29 Jesus answered, “You are so wrong! You don’t know what the Scriptures say. And you don’t know anything about God’s power. 30 At the time when people rise from death, there will be no marriage. People will not be married to each other. Everyone will be like the angels in heaven. 31 Surely you have read what God said to you about people rising from death. 32 God said, ‘I am the God of Abraham, the God of Isaac, and the God of Jacob.’ So they were not still dead, because he is the God only of living people.”
33 When the people heard this, they were amazed at Jesus’ teaching.
Which Command Is the Most Important?
34 The Pharisees learned that Jesus had made the Sadducees look so foolish that they stopped trying to argue with him. So the Pharisees had a meeting. 35 Then one of them, an expert in the Law of Moses, asked Jesus a question to test him. 36 He said, “Teacher, which command in the law is the most important?”
37 Jesus answered, “‘Love the Lord your God with all your heart, all your soul, and all your mind.’[c] 38 This is the first and most important command. 39 And the second command is like the first: ‘Love your neighbor[d] the same as you love yourself.’[e] 40 All of the law and the writings of the prophets take their meaning from these two commands.”
Is the Messiah David’s Son or David’s Lord?
41 So while the Pharisees were together, Jesus asked them a question. 42 He said, “What do you think about the Messiah? Whose son is he?”
The Pharisees answered, “The Messiah is the Son of David.”
43 Jesus said to them, “Then why did David call him ‘Lord’? David was speaking by the power of the Spirit. He said,
44 ‘The Lord God said to my Lord:
Sit by me at my right side,
and I will put your enemies under your control.[f]’
45 David calls the Messiah ‘Lord.’ So how can he be David’s son?”
46 None of the Pharisees could answer Jesus’ question. And after that day, no one was brave enough to ask him any more questions.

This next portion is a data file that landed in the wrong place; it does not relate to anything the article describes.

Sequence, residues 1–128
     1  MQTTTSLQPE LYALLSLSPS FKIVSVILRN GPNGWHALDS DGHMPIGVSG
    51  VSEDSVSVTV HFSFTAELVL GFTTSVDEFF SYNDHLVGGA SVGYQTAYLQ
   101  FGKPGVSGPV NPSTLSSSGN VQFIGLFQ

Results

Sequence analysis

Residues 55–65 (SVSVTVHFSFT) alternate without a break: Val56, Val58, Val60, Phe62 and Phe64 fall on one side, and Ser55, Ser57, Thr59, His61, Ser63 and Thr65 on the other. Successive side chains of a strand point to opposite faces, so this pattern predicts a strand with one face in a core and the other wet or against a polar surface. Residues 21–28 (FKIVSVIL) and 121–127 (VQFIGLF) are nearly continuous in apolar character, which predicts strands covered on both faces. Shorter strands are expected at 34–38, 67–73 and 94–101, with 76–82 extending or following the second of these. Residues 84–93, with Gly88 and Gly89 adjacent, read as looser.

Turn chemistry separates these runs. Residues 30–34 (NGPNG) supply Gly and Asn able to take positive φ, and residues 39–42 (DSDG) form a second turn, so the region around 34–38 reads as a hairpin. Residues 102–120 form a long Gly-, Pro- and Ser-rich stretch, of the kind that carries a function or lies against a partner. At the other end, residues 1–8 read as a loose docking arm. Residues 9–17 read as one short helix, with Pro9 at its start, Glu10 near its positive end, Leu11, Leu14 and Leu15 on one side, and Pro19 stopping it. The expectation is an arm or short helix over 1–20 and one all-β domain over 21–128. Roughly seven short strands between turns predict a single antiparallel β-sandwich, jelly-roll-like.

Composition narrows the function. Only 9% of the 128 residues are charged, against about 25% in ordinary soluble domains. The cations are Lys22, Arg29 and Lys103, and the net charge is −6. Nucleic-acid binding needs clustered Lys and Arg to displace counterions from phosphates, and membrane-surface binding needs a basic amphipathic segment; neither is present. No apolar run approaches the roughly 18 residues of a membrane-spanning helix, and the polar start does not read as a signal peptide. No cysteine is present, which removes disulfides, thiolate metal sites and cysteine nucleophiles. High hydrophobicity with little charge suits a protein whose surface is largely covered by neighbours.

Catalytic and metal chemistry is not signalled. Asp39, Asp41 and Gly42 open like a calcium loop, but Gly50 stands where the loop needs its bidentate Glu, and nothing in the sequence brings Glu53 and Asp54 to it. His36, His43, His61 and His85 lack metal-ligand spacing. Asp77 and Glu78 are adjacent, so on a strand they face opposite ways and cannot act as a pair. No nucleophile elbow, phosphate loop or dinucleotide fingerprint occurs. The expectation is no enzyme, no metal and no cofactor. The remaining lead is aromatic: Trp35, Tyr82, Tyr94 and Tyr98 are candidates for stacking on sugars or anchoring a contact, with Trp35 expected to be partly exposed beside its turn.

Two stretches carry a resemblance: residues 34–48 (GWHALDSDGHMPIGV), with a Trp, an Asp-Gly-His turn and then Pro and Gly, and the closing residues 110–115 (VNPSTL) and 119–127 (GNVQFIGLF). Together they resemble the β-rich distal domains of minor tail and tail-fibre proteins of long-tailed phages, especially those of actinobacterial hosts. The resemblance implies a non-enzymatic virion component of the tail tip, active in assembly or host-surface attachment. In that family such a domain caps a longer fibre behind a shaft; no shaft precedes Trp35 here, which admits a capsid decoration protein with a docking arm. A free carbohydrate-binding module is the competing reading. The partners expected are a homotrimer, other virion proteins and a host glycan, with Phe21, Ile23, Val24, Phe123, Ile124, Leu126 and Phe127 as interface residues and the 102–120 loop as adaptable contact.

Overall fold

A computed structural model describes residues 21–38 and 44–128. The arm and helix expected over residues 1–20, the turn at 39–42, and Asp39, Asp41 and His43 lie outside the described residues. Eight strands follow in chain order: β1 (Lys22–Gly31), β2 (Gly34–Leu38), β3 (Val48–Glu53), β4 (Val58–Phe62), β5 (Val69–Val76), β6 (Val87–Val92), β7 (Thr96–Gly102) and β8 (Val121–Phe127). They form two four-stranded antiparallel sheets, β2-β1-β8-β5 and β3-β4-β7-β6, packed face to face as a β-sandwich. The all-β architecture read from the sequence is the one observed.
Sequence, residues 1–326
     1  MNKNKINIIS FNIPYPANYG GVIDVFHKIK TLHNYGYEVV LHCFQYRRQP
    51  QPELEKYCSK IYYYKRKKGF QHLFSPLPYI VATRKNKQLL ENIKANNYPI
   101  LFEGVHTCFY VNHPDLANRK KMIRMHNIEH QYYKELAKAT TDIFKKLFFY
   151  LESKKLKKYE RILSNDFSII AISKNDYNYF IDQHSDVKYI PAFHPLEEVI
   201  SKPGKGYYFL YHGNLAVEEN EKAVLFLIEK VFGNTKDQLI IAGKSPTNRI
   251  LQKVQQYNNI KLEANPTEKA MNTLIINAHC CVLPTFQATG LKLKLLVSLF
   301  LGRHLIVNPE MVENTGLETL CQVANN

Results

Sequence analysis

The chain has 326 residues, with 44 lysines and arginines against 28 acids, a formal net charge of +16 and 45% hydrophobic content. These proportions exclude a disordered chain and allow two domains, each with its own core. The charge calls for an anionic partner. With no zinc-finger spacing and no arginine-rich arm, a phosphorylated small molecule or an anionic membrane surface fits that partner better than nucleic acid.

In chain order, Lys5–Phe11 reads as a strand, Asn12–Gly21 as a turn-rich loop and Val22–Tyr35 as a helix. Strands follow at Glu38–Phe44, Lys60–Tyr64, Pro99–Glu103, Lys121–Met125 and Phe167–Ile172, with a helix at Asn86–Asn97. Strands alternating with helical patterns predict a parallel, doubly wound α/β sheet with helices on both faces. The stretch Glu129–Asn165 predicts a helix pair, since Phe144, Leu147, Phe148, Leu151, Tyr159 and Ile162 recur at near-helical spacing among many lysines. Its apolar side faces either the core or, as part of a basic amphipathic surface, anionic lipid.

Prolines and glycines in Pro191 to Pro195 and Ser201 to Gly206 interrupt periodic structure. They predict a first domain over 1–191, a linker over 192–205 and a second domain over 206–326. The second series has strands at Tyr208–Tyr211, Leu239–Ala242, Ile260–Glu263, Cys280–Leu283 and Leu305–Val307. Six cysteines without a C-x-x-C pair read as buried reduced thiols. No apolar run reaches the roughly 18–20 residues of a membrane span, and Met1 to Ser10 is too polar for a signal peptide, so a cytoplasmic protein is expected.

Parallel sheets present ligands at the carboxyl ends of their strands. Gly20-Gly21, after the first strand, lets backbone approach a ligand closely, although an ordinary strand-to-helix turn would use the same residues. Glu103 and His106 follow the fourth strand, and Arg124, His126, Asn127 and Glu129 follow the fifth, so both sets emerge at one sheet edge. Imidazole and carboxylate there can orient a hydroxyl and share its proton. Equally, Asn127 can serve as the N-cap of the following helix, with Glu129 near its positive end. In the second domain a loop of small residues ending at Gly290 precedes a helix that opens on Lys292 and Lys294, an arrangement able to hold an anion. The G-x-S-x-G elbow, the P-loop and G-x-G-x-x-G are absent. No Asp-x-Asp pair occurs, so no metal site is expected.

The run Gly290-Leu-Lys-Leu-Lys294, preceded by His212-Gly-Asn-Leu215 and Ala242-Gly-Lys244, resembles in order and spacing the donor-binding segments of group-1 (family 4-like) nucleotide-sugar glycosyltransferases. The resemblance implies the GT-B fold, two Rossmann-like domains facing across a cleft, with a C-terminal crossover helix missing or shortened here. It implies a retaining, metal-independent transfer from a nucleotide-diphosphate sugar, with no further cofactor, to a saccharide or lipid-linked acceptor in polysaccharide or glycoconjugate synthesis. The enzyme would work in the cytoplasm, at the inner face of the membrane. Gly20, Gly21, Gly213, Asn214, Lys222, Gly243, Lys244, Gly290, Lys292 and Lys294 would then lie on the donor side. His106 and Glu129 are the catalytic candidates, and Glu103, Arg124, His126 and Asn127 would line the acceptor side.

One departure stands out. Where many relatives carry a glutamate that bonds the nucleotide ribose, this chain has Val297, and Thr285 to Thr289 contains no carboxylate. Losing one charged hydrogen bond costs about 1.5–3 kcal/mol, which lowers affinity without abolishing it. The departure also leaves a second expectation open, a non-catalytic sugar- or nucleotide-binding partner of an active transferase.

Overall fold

Footnotes
  1. Matthew 22:24 if … dead brother See Deut. 25:5, 6.
  2. Matthew 22:32 Quote from Ex. 3:6.
  3. Matthew 22:37 Quote from Deut. 6:5.
  4. Matthew 22:39 your neighbor Or “others.” Jesus’ teaching in Lk. 10:25-37 makes clear that this includes anyone in need.
  5. Matthew 22:39 Quote from Lev. 19:18.
  6. Matthew 22:44 control Literally, “feet.”
The question...who's image is on the coin?...should have led them to the consideration of who's image was on each of them and what was due to the One who's image they bore.
 

Mem

Senior Member
Sep 23, 2014
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All were invited so then, all were called.
see v. 3
He sent his servants to call those he had invited to the banquet, but they refused to come.
and v. 4-5 shows the king "again" sent other servants to this group but they ended up enraging the king enough that he destroyed them and burned their city.
Then the king tells his servants in v. 9
Go therefore to the crossroads and invite to the banquet as many as you can find.’
v. 10 So the servants went out into the streets and gathered everyone they could find, both evil and good, and the wedding hall was filled with guests.
When the king came in to see the guests, he spotted a man not wearing wedding clothes and threw him out into the outer darkness. That is, the king rejected the man, which is the polar opposite of choosing him.

So, it is apparent that the chosen are those that came as invited wearing wedding clothes.

In the preceding parable of Chapter 21, the wicked tenants, v. 45 tells us the chief priests and Pharisees knew Jesus was talking about them, and "once again" it was them that Jesus continued in Chapter 22. At the conclusion of Chapter 21, they wanted to arrest him but were afraid of the crowds. So, it seems that the crowds, whether Jew or Gentile being among them, would be included in "everyone they could find, both evil and good."
 

rogerg

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Jul 13, 2021
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In the preceding parable of Chapter 21, the wicked tenants, v. 45 tells us the chief priests and Pharisees knew Jesus was talking about them, and "once again" it was them that Jesus continued in Chapter 22. At the conclusion of Chapter 21, they wanted to arrest him but were afraid of the crowds. So, it seems that the crowds, whether Jew or Gentile being among them, would be included in "everyone they could find, both evil and good."
Sorry, don't understand your point - what you are implying?
 

Mem

Senior Member
Sep 23, 2014
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Sorry, don't understand your point - what you are implying?